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Players should be proud of production of Agatha Christie’s first stage play – review

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Andy Tyler reviews the King’s Lynn Players’ production of Agatha Christie’s Black Coffee…The King’s Lynn Players can certainly be proud, in their 80th anniversary year, of the group’s production of Agatha Christie’s first stage play Black Coffee, staged in 1930, and since adapted as a film and latterly as a novel by music critic and author Charles Osbourne.It was a pleasure to join the enthusiastic audience in a packed Guildhall of St.George, Lynn, sit back and enjoy the intricacies and twists and turns of the complex plot!

Matthew Austin as Hercule Poirot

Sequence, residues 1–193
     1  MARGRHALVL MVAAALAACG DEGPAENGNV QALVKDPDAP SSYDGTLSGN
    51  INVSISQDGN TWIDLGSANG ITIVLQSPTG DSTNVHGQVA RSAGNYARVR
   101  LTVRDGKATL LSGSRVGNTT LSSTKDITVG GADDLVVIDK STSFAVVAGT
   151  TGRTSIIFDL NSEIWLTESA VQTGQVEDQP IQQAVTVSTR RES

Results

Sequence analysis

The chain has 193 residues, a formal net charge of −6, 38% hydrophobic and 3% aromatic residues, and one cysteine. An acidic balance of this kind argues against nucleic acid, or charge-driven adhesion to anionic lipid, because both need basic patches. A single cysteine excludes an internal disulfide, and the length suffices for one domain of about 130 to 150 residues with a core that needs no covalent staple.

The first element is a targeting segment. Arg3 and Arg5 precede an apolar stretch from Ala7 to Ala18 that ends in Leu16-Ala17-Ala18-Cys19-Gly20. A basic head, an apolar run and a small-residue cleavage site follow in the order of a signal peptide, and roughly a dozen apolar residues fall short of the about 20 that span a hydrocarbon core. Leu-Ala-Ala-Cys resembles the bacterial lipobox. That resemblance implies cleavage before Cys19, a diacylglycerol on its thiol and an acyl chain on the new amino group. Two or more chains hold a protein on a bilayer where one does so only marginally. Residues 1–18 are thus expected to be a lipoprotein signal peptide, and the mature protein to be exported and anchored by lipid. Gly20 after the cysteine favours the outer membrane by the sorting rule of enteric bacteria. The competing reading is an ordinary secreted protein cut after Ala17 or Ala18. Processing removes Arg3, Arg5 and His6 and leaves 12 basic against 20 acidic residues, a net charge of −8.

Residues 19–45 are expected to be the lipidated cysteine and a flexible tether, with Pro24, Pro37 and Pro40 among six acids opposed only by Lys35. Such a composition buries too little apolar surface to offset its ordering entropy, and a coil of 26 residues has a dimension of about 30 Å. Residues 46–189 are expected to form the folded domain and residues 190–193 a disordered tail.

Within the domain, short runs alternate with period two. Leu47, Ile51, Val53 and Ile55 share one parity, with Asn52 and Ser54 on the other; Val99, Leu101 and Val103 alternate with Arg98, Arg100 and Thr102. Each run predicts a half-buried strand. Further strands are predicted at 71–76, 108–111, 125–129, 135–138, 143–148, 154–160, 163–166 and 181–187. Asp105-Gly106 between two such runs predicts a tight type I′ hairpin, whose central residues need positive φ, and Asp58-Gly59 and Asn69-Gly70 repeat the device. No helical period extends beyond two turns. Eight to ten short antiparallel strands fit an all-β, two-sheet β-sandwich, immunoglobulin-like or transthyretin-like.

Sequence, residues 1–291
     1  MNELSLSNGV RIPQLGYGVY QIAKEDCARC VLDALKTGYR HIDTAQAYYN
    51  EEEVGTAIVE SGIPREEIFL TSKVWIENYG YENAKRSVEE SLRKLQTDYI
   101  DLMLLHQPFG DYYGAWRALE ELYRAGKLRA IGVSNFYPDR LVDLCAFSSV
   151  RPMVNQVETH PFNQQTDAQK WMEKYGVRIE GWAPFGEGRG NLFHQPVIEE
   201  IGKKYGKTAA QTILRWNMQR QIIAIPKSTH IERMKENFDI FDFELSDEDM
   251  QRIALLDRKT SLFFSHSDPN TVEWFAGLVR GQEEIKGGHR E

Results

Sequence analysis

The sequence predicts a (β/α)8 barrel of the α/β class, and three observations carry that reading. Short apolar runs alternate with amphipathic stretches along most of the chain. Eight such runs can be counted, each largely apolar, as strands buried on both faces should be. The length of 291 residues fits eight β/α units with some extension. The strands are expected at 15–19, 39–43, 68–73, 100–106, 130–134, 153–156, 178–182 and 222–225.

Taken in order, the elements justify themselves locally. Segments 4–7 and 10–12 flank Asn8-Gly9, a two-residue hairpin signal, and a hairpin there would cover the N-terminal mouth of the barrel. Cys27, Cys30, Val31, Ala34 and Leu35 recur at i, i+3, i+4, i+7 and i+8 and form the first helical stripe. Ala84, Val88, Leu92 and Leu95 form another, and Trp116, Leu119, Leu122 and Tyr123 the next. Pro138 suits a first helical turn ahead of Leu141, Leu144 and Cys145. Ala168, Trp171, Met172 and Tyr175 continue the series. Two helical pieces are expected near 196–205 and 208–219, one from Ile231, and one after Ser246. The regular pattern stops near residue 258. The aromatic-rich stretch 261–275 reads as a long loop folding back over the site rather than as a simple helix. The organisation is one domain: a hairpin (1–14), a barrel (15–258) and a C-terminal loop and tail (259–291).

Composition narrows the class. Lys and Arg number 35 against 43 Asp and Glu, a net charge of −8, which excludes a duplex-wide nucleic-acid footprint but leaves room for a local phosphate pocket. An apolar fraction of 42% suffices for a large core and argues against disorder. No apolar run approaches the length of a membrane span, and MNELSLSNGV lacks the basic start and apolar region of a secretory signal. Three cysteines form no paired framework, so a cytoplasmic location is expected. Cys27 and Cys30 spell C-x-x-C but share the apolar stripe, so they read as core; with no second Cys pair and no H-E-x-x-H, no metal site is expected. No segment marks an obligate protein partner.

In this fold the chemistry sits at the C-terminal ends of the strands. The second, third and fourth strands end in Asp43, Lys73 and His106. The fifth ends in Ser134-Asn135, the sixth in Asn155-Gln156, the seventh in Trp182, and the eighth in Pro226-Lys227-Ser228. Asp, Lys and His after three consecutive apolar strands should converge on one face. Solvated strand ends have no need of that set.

Murder, poisoning, coffee and lies were plentiful, but I was also amused by the humorous aspects of the show, and enjoyed using my little grey cells in the task of trying to make sense of the clues Christie litters throughout the storyline as to who done it!I counted thirteen excellent cast members, and naturally, due to lack of space, can’t mention them all, but they coped well with the full script and portrayed the diverse characters confidently. I was glad Matt Austin did not attempt to simply imitate David Suchet’s famous TV portrayal of Hercule Poirot, and likewise Richard Tree as Inspector Japp and Tom Watson as Captain Hastings; no blind copying of the TV portrayals!Once again well done to all the cast members, and thanks also go to the show director Anthony Maley, production team, and all those working behind the scenes making the performance a great success.The Players’ president Alison Croose hoped the audience would enjoy an entertaining evening; we certainly did, and look forward to The Player’s amateur production of The Sound of Music in November.Andy Tyler



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